SAN’A, Yemen — The continuing wave of unrest sweeping the Middle East led to a fifth day of protests Tuesday in Yemen while thousands of protesters swept into the main square of the capital of Bahrain, setting up tents and vowing to stay until the government agrees to major reforms.

In Iran, hardliners in parliament demanded that opposition leaders be executed for advocating protests that attracted tens of thousands of people.

As many as a thousand anti-government protesters marched through the streets of the Yemeni capital of Sanaa, but it was large numbers of supporters of President Ali Abdullah Saleh who appeared to have the upper hand, gathering in a downtown festival with music and nationalist slogans.

Young men in tribal dress milled around the entrances to the square bearing sharpened sticks and bludgeons, and pictures of the president, who has ruled Yemen for more than 30 years, suddenly proliferated on cars and buildings around the capital.

Yet despite a day of fewer clashes than before, Yemeni protesters vowed to press their street revolt until Saleh steps down.

“Years of trying to keep the Yemeni people in ignorance and poverty have failed,” said protester Jameel Awad, a 28-year-old taxi driver. “Tunisia and Egypt have shown us that nothing is impossible. The youth see that this is their time to claim the future … and we will not let the opportunity pass.”

In Bahrain, the death of a second protester, killed when police clashed with mourners at a funeral assembly for a demonstrator shot Friday, prompted more than 6,000 people to march into Pearl Square in the capital of Manama. Many declared their intention to remain until the government addresses longstanding grievances over political discrimination and police repression.

Protesters have said their chief demand is the resignation of the prime minister, Khalifa bin Salman al-Khalifa, the king’s uncle and one of the wealthiest men in the country, who has held the post since Bahrain’s independence from British control in 1971.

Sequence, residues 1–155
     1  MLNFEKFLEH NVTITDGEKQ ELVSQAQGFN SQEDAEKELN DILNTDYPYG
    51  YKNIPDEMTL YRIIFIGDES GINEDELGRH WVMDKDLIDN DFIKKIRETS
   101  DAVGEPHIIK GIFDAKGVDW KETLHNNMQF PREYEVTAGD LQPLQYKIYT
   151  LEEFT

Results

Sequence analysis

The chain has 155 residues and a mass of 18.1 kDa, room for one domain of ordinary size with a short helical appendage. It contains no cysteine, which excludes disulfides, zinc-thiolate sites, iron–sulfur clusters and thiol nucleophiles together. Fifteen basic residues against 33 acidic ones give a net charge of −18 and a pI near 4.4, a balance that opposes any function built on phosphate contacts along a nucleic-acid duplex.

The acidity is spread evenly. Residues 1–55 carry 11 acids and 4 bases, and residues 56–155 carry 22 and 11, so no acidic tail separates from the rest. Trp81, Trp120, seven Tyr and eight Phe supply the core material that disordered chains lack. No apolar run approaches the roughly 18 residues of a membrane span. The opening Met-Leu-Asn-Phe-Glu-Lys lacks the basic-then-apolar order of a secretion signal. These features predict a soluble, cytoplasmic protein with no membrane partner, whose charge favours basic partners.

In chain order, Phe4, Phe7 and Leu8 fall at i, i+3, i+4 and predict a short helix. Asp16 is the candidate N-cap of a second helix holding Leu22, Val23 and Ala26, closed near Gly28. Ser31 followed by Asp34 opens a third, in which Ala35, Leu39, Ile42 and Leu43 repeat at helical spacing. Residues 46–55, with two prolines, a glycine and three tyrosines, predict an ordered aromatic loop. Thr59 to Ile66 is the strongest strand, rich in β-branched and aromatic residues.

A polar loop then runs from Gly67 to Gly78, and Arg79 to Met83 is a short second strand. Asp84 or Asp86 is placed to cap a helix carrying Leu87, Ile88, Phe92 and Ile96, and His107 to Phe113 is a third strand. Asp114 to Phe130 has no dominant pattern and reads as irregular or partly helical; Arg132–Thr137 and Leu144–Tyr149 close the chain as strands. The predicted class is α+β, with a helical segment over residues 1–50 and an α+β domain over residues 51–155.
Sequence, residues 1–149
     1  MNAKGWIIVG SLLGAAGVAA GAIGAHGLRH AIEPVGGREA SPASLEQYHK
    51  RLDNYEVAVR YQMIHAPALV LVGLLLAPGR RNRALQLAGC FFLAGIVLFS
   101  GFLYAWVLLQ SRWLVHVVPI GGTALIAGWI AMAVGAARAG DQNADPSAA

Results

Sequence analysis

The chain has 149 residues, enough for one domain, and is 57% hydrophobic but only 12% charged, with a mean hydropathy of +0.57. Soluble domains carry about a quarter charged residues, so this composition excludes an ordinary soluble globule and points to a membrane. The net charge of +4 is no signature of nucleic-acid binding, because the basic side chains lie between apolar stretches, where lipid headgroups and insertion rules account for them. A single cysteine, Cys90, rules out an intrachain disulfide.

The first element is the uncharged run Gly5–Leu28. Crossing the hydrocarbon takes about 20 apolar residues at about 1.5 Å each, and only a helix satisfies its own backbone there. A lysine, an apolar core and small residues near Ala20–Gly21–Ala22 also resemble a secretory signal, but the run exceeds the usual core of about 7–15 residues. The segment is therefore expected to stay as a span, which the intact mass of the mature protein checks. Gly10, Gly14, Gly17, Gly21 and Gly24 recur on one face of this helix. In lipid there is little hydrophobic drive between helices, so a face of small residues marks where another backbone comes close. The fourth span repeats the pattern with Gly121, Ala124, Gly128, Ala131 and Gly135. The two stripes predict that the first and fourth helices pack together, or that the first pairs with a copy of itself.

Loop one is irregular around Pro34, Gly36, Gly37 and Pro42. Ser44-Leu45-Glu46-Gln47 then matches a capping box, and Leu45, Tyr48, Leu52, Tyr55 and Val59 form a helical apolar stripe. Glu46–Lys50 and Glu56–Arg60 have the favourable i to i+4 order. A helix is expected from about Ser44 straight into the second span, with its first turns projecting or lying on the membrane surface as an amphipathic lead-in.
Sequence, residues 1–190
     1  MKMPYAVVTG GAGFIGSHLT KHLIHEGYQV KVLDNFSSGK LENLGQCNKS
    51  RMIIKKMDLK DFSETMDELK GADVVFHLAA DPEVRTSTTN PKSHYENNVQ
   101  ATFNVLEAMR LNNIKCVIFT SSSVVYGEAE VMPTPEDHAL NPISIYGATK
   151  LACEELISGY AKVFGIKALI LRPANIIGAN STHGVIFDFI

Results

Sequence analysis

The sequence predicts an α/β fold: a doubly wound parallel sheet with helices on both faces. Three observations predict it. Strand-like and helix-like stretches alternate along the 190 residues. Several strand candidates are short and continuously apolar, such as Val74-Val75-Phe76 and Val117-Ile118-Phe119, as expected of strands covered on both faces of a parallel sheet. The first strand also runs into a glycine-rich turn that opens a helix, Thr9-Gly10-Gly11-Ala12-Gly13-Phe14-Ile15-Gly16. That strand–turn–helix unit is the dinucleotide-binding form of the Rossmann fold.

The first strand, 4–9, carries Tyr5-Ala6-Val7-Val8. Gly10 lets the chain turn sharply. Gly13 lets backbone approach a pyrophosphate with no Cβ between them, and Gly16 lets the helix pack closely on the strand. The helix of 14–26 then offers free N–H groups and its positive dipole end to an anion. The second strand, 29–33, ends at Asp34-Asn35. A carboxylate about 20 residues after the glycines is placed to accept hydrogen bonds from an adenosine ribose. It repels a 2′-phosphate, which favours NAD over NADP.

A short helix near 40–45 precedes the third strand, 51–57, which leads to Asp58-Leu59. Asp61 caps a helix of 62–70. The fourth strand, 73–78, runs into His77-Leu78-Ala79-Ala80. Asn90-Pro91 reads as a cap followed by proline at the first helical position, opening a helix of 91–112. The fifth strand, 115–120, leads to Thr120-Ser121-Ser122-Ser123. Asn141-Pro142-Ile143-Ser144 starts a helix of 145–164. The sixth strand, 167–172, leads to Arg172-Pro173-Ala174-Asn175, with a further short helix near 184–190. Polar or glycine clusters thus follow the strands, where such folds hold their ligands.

By Tuesday night, protesters were setting up tents and sleeping bags and passing out food, water and tea in an echo of the 18-day occupation of Cairo’s Tahrir Square that led to the resignation of Egyptian President Hosni Mubarak on Friday.

“All the people now are protesting inside the roundabout, and they declared that they will not move from this roundabout if they don’t get their demands,” said Mohammed al-Maskati, head of the Bahrain Youth Society for Human Rights. “So now, people are going to their houses to get what they need to stay, and they will sleep in the roundabout.”

King Hamad bin Isa al-Khalifa in a televised speech said the deaths of the two protesters would be investigated.

Two young men also died in Iran in demonstrations on Monday, when tens of thousands of marchers demanding an end to repression and calling for free elections were set upon by citizen militias known as Basijis and police wielding tear gas and rubber bullets.

Some members of parliament called for the executions of opposition leaders Mir Hossein Mousavi and Mahdi Karroubi.

“The chiefs of the sedition have reached the end of the road and it is time for (the authorities) to do their duty and judge and punish them,” Ayatollah Ahmad Khatami said in a statement carried by the Fars news agency.